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What Kind of Intervention for Whom, and When? Responses of English Language Learners to Intervention.

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Presentation on theme: "What Kind of Intervention for Whom, and When? Responses of English Language Learners to Intervention."— Presentation transcript:

1 What Kind of Intervention for Whom, and When? Responses of English Language Learners to Intervention

2 Dr. Kathleen J. Brown, Director University of Utah Reading Clinic 5282 South 320 West, Suite D110 Murray, UT

3 Are Porfirio, Juan, & Saul Reading Below Grade Level?  Given sufficient b.k., on a grade level passage, they should: be at least 90% accurate read with sufficient speed  G1 = wpmG4 = wpm  G2 = wpmG5 = wpm  G3 = wpmG6 = wpm comprehend at least 70% (Good, Simmons, & Kame’enui, 2003; Hasbrouck & Tindal, 1992; Leslie & Caldwell, 2000; Morris, 1999)

4 Are Bill, Porfirio, Juan, & Saul Reading Below Grade Level?  15-40% depending on SES (Allington, 1994)  2002 NAEP data 31% Utah 4th graders “below basic”  Probability unsuccessful G1 readers still unsuccessful in G4 =.88 (Juel, 1988)

5 Problem: Porfirio et al. More Likely to Struggle Than Bill  63% of ELLs & 58% of Hispanics “below basic” on G4 Reading (NAEP, 2005)  40% ELL students “drop out” vs. 10% from English-only homes (Gengras & Careaga, 1989)  ELL students “at-risk” for reading difficulties (Snow, Burns, & Griffin, 1998)

6 Problem: Current Trend to “Niche” Porfirio et al.  Everything from misbehavior to poor academic achievement explained by “He’s ELL…”  Need an “Act of Congress” to qualify an ELL child for resource or to retain

7 Porfirio et al. Need Help; Now What?  Guided reading at instructional level  (w/comprehension & vocab work)  pacing in controlled, leveled text  explicit, sequenced word study & p.a.  fluency work  educators with clear understanding of reading DEVELOPS and how instruction can LEAD that development

8 Porfirio et al. Need Help; Now What?  time on task... a.k.a. “consume” as much text as possible  in an effective format (small group, pairs, 1-on-1)  for as long as he needs it… a.k.a. “there is no quick fix”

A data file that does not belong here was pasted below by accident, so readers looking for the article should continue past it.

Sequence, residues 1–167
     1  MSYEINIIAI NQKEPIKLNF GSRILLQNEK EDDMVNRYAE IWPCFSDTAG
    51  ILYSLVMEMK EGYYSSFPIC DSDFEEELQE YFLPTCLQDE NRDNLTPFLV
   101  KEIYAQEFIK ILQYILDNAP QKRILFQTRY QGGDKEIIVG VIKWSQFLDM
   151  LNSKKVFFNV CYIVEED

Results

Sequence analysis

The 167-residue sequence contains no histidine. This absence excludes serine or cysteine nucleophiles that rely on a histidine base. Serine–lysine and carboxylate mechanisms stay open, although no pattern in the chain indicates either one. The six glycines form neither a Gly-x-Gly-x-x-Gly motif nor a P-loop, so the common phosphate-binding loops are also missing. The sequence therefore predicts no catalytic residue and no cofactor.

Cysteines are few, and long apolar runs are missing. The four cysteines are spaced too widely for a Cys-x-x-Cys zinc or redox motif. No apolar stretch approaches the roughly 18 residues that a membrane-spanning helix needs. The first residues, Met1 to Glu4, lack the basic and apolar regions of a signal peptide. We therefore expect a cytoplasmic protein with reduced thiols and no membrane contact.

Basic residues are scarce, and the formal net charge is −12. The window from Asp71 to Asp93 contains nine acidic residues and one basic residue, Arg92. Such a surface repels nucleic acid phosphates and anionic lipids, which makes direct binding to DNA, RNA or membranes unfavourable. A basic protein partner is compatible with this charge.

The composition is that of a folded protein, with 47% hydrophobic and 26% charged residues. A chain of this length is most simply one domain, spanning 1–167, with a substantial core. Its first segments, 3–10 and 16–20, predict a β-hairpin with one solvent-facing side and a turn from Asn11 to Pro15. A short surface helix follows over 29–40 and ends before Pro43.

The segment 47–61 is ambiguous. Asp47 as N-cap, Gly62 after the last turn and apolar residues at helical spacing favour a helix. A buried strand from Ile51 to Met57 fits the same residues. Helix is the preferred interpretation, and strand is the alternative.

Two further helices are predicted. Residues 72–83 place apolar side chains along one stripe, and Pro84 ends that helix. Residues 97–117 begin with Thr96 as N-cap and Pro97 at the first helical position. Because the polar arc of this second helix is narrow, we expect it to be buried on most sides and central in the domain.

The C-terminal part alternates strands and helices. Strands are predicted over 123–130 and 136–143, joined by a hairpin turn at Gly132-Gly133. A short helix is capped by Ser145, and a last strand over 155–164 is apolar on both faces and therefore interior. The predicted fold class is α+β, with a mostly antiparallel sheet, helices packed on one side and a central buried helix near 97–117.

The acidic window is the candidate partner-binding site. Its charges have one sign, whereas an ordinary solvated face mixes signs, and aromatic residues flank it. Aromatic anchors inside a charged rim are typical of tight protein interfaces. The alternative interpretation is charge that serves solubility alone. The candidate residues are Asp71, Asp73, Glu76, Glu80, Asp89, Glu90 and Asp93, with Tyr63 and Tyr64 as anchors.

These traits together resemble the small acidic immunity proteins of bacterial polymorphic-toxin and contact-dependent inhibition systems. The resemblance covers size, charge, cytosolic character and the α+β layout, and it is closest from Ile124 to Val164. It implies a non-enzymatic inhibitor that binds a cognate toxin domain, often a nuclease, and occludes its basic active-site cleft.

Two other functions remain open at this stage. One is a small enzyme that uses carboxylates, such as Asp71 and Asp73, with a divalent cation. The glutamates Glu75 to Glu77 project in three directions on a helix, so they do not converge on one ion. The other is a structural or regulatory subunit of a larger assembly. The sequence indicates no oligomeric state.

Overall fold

9 Will This Really Help Porfirio et al.?  At-risk G1 students who received 95 sessions of Early Steps finished the year reading between primer and late-G1.  Matched control G1 students who received 135 sessions of regular Title 1 intervention finished the year at preprimer. (Brown, Reynolds, & Sinatra, 2000; also see Morris, Tyner, & Perney, 2000 & Santa & Hoien, 1999)

10 Will This Really Help Porfirio et al.?  G2 & G3 ELL students who started the year at primer and received 45 sessions of Next Steps, made 1 year of progress as readers (to early-G2).  Matched control ELL G2 & G3 students who received 135 sessions of regular Title 1 intervention made 1/2 year’s progress (to late-G1). Brown, Morris, & Fields, 2002; Brown, Morris & Fields, 2003

11 How long will Porfirio et al. Need Help?  G2 students who received Early Steps in G1, and no intervention in G2 had made 1/2 year’s progress by March (to early-G2).  Matched control G2 students who received no intervention in G2 made 1/2 year’s progress by March (between primer & late- G1). Brown, Morris, & Fields, 2001

12 What Do These Data Mean for Porfirio et al.?  Intervention can help them make substantial progress as readers  They may need more than 1 year of intervention to get to/maintain grade level performance  remember Dominique & Shelby!!!

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21 What Do These Data Suggest re: ELL Struggling Readers?  Some ELL are “curriculum casualties” and just need basic intervention (Porfirio)  Some ELL are truly LD and need intensive, ongoing intervention (Juan)  Some ELL are “garden variety poor readers” and need intensive, ongoing intervention (Saul)  BEWARE OF POLITICS & LABELS!!!

22 What Needs to Be in Place to Help Porfirio et al?...  Materials lots of controlled, leveled text (carefully selected little books and controlled basal selections)  Enough Trained Bodies for Each Student educators who understand reading development and know how to deliver effective intervention efficiently

23 What Do Educators Need?  Clinical Experience/Practicum watch mentor model with student work 1-on-1 with a student get “on-line” feedback & theoretical framework from mentor observe other tutors and students

24 Critical Issues: Time & 1-on-1  Clinical Experience/Practicum 1-on-1 clears management issues so educators can see reading development “up close and personal” over time intensive and ongoing:  tutoring needs to happen 2-5x/week for 1 year to see reading development happen from ground zero (no words to independence (primer or better)  on-line mentoring needs to happen weekly or at least monthly

25 Goal = Develop a“Team Approach”  teachers group for reading to allow students to function at instructional level AMAP  in non-Title I schools, staff + volunteers build a tutoring program  in Title I schools, paraprofessionals are effective intervention tutors  remember Granger Elementary!!

26 What Role Do Universities Play?  Develop courses that focus on what we know from research about reading development and how instruction leads it  Help students develop an understanding of rigorous empirical research methods (quan + qual) vs. random, preferred anecdote

27 What Role Do Universities Play?  Resurrect a “clinical tradition” in graduate coursework  Build a “clinical tradition” in undergraduate coursework  Require methods professors have “clinical experience”


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